way and sometimes it happens that we go further away than we planned."

  "Further away? What do you mean?"

  "It is the way we understand what you call time: as an ultimately complex
ribbon entangling the physical existence all around. We found another
very interesting branch in the ribbon and were led further away from your
branch than we had initially planned."

  "You move freely in time, then?" Cathie asked with suspicion in her
voice.

  "In human terms, yes", came the instant answer.

  After a moment's silence the alien continued: "It has been but
interesting talking to you. We have obtained more from your minds and your
spacecraft than we dared hope for. We thank you for this. Now we must go. We are
sorry but you must not go back to your friends and tell about us."

  "Wh-wh-what are they saying? What's that supposed to mean?" said Damius
anxiously.

  "We are sorry. You must forget. Your computer must also forget. We are proud we
found you. Be proud. We will come visit your world when we will return on your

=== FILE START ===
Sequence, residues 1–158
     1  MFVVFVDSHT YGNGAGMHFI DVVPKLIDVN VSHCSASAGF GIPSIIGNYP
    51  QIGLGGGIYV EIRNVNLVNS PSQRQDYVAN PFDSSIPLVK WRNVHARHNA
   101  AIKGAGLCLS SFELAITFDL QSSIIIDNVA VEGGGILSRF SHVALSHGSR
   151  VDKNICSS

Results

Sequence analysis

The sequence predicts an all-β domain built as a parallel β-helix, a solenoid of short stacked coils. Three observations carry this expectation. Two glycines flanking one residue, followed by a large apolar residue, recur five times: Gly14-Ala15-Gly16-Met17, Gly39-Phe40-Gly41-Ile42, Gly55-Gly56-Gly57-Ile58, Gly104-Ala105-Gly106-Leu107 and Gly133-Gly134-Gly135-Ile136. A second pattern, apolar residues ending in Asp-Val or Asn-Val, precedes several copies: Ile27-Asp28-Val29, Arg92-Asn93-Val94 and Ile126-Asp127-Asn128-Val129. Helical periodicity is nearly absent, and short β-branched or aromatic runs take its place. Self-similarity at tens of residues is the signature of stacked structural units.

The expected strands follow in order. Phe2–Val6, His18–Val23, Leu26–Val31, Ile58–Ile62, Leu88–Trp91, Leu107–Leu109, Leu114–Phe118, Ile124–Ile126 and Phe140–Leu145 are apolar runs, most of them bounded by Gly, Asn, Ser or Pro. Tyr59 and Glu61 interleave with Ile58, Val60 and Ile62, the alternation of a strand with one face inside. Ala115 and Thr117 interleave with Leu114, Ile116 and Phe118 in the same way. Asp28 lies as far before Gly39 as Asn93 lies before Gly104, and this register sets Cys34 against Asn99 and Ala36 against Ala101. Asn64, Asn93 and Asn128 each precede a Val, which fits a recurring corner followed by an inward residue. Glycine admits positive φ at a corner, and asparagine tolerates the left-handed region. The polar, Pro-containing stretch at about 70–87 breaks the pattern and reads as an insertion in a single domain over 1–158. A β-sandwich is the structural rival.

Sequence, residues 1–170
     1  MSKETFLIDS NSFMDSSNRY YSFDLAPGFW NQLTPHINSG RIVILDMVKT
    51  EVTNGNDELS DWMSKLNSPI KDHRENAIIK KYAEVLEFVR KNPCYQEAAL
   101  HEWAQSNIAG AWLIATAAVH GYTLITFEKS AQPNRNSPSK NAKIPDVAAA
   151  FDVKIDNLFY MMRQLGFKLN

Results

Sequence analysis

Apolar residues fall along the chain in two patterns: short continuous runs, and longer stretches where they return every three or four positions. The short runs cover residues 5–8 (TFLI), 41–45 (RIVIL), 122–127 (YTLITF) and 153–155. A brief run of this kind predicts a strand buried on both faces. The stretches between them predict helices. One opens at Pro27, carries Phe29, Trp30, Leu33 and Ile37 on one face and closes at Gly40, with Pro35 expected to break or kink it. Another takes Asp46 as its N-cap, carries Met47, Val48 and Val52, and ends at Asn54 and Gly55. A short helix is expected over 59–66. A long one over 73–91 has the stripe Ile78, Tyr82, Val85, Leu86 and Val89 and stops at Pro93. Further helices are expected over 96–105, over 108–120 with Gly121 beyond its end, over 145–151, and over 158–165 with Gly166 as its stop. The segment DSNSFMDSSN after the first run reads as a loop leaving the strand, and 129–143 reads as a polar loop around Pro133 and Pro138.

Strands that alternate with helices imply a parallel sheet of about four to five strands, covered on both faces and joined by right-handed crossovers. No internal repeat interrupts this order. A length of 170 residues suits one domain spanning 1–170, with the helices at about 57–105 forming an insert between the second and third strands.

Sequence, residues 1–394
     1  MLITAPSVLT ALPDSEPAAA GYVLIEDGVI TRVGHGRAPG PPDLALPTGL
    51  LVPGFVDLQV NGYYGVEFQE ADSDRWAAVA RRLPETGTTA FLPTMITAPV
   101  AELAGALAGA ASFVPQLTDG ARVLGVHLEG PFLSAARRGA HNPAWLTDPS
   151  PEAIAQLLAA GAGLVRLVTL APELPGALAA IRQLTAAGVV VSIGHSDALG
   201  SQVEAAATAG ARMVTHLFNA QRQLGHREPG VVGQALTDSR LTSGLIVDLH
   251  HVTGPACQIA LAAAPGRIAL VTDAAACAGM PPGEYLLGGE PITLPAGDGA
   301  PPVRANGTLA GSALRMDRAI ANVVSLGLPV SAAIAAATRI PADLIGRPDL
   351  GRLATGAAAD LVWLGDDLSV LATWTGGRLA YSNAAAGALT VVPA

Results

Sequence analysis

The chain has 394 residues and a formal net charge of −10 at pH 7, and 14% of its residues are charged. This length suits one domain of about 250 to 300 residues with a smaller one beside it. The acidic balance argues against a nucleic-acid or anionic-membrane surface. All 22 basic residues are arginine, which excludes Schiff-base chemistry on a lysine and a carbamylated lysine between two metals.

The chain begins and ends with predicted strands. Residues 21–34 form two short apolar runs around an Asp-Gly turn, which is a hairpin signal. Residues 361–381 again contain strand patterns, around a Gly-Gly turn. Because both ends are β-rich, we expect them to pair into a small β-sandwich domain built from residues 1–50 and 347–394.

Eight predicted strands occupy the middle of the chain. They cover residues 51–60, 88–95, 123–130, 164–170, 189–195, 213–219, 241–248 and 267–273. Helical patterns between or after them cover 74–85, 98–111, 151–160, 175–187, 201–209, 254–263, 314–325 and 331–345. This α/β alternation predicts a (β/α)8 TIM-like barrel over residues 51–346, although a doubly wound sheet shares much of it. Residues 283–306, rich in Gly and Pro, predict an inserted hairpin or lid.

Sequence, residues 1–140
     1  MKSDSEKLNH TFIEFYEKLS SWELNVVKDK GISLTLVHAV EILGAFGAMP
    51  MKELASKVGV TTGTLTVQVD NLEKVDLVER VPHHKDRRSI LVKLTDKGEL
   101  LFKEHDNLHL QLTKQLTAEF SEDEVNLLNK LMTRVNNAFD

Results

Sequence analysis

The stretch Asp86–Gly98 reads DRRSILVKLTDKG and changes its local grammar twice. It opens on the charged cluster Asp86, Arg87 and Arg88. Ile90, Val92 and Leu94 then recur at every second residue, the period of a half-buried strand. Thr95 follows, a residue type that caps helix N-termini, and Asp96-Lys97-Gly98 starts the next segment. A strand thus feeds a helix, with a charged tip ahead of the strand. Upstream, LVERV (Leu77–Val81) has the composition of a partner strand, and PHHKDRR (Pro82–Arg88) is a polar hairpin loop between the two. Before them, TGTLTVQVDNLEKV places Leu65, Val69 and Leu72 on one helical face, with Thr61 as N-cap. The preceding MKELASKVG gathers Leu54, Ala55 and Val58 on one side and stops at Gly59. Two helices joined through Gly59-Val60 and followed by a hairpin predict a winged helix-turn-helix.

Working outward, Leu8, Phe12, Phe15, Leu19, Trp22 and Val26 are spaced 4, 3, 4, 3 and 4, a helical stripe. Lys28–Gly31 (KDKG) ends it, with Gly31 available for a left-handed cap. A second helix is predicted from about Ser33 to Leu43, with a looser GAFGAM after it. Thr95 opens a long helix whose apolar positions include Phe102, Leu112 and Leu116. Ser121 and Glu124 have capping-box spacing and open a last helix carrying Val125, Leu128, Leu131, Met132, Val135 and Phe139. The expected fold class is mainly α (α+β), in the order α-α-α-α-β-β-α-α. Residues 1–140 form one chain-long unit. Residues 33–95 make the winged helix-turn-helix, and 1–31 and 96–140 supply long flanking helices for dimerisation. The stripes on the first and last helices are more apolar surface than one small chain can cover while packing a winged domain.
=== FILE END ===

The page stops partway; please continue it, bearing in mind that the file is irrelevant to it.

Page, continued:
ribbon again. Now, goodbye humans. Thank you."

After those words there was a brief silence. Then, a silent humming or, more like a low whistling started to sound. Before anyone could protest to the aliens' sudden departure they felt as if they had to concentrate on the sound. Slowly, it gained volume and, somehow the sound seemed to become more material, as if it was evolving into physical form. It filled the ships corridors with its pressuring intenseness. Tiny's crew could feel the sound rather than hear it; they felt their muscles go limp and all four fell on the floor, unable to do anything but to listen and feel the hypnotic pattern evolving in the sound. Still the sound gained volume and also its pitch started to rise. In a few moments it turned into a high, ear-shattering whistle.

Suddenly it stopped and the world went black.

Continued in The Ten Seconds of Non-existence, part 2.


© 1997, 2002 Petteri Lyytinen. All rights reserved.